INDIANAPOLIS (AP) — Vulcan Materials has filed a lawsuit against Martin Marietta in federal court, accusing the smaller gravel and stone supplier of launching an illegal takeover bid using confidential information.
Vulcan strongly recommended to its shareholders Thursday that they not tender their stock to Martin Marietta, which announced a hostile bid earlier this month.
Martin Marietta, based in Raleigh, North Carolina, has said it plans to take a stock offer directly to Vulcan shareholders after Vulcan cut off negotiations.
In the suit, Vulcan alleges that Martin Marietta used confidential Vulcan information in its bid, in violation of confidentiality agreements the companies had reached after they started discussing a possible deal in May 2010. Those talks ended last June.
The "misuse of information" violates federal securities law and also "offends all notions of business ethics and fair dealing," Vulcan said in a complaint filed Tuesday in U.S. District Court for the Northern District of Alabama
Martin Marietta said Thursday that it did not believe there were any significant regulatory or legal hurdles to completing the proposed deal. It said Vulcan's announcement doesn't change its view — and that of many Vulcan shareholders — that the offer "represents a compelling opportunity for Vulcan's shareholders."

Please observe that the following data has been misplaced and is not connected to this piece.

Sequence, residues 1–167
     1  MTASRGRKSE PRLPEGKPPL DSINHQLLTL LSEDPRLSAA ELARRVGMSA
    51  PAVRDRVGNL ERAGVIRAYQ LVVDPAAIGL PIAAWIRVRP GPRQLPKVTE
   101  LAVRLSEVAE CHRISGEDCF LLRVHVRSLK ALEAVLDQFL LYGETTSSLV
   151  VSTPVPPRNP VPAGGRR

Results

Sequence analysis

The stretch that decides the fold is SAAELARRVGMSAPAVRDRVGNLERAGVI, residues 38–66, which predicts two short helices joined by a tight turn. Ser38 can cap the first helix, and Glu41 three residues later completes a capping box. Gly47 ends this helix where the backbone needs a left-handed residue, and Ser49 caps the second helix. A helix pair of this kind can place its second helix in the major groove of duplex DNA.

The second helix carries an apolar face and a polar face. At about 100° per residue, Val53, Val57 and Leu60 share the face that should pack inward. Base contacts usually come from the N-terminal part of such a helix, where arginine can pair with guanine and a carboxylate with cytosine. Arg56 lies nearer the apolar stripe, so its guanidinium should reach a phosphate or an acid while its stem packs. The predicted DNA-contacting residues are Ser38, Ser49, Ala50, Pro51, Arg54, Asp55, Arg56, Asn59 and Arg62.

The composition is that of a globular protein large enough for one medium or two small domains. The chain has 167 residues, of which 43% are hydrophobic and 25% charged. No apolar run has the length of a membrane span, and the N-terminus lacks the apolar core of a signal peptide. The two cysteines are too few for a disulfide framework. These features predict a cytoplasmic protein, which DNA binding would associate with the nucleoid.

"Vulcan misses the point by ignoring the significant incremental value creation inherent in this combination," the company said.
Under the offer, valued at about $4.74 billion, Vulcan Materials Co. shareholders would get half a share of Martin Marietta Materials Inc. stock for each of their Vulcan shares. That offer valued Vulcan at $36.69 per share, a 9.4 percent premium, based on the stock's closing price Dec. 9, the last trading day before Martin Marietta's announcement.
Both companies make construction aggregates like crushed stone, sand and gravel. They also produce asphalt mix, concrete and cement. A combination of the two companies would create the largest U.S. producer of construction aggregates, according to Vulcan.
In addition to alleging the illegal use of information, Vulcan on Thursday said that it had filed a counterclaim in Delaware to enjoin the offer and enforce its rights under federal securities law. Martin Marietta had said when it announced its bid that it had filed lawsuits in both Delaware Chancery Court and New Jersey state court to ensure Vulcan shareholders get a chance to consider its offer.
Vulcan, based in Birmingham, Alabama, called Martin Marietta's offer opportunistic and said it seeks to exploit a historic downturn in U.S. construction spending. It also said the proposed deal undervalues Vulcan and its future prospects, and divestitures that likely would be required by federal regulators would hurt the financial results of the combined company.
Vulcan shares climbed 26 cents to $39.14 in midday trading, while Martin Marietta's stock climbed 6 cents to $76.46. Broader trading indexes were up slightly.